Remember that opinion column in my local paper that I responded to? It was the one from a disgruntled parishioner who was upset the pastor wouldn’t allow Voice of the Faithful to meet at our parish. Well, the topic was placed on the agenda for our parish pastoral council meeting last night. (I’m on the council.)
It seems that one of the members of the council to exception to my dismissal of VOTF as divisive and underming the faith. When I ticked off all the teachings of the Church that VOTF’s web site promotes dissent from, the guy angrily shot back that he didn’t need some cardinal or bishop assuming he was not intelligent and couldn’t consider the arguments for himself. Then he said that he agreed with some of things (he didn’t specify) and that many Americans did too. So what, I said, if a million people agree on something it doesn’t make it right. We went back and forth with him saying that my words were prejudicial against VOTF, and I agreed because I had studied the group and made a considered decision based on that to be prejudiced against the group. What’s wrong with being against something after deciding it does no good.
At some point I realized—and others on the council did too—that the argument and the drive of some people to join groups like VOTF is less about thoughtfulness and logic than it is about emotion and especially anger. The fellow on the parish council was actually shaking with anger at one point.
In such cases, argumentation isn’t always the best way to deal with it. My own natural inclinations in such situations is to either live up to my Italian heritage and fighting fire with fire or to completely dismiss the problem, avoid conflict, and vacate the battlefield. Thank God, I didn’t do either. I’m tired of people—including myself—who believe the Church’s teachings, but won’t attempt to counter dissenters with reason and a cool head. So I waded in (praying to the Holy Spirit under my breath) and I think I got my point across. If I didn’t convince my fellow councilmember, at least it encouraged the other councilmembers who approached me after the meeting to thank me for my defense of the Church.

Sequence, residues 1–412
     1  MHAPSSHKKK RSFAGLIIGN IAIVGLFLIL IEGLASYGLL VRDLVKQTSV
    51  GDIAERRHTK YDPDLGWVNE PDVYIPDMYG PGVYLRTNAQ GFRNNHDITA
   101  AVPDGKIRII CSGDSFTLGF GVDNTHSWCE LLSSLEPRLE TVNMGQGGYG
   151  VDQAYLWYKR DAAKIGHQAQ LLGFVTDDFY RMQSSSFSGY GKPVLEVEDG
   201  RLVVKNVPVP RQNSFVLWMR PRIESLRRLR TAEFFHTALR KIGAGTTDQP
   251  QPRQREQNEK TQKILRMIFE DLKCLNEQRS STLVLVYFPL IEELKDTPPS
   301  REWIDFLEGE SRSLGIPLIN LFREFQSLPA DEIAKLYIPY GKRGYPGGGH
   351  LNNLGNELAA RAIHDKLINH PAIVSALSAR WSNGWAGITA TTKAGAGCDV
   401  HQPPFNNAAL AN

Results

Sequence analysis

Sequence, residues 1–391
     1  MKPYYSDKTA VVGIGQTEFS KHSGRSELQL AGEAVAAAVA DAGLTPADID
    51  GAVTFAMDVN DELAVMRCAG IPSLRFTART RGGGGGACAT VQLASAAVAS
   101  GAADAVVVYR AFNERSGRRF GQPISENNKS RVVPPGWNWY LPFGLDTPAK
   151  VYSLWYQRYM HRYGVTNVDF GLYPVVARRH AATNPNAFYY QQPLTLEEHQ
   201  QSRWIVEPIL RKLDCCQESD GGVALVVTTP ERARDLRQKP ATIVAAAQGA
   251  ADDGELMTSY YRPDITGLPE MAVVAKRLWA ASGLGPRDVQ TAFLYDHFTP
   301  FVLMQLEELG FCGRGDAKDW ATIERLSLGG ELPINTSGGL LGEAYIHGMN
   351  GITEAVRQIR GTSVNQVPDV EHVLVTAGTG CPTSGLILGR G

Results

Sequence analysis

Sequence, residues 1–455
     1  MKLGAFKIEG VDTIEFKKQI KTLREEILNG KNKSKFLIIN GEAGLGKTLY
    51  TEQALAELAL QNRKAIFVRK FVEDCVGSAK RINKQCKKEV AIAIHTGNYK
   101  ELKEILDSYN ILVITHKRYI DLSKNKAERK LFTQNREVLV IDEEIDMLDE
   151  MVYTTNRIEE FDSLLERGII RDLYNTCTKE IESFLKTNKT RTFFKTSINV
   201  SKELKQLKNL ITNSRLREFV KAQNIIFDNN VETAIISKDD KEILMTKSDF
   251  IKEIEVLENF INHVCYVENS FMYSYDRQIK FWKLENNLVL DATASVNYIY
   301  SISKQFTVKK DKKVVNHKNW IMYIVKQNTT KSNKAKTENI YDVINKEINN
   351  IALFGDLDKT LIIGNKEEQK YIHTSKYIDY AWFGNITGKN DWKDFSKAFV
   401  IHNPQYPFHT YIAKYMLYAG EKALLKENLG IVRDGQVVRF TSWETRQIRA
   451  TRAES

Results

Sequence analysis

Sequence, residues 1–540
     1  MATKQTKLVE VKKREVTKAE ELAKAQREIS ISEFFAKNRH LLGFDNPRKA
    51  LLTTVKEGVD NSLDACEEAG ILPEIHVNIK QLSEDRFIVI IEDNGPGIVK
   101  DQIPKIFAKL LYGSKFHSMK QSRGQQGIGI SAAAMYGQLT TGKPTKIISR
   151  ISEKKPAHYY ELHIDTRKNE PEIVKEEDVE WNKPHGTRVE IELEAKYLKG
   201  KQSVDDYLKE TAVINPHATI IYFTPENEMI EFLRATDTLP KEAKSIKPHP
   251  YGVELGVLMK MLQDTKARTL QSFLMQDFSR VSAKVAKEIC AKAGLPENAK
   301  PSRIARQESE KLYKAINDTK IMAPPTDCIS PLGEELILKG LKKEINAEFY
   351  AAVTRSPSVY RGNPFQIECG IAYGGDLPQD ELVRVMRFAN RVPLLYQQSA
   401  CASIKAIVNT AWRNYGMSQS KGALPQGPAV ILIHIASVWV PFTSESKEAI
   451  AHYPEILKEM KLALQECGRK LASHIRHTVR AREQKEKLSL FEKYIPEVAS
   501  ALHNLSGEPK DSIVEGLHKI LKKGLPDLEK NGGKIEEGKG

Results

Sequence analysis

You may interested in knowing the result of the debate. We decided that there are probably many people with the same feelings as the newspaper writer and the councilmember and that the best response is education. Most Catholics don’t even know why the Churches believes as she does, so we may as well let people make their decision to dissent based on the whole story and not partial understanding. Therefore we’ll be having a special seminar—instead of having VOTF come to the parish—which will be called “the role of the laity in troubled times” and we’ll discuss why the Church believes as she does. It should be interesting.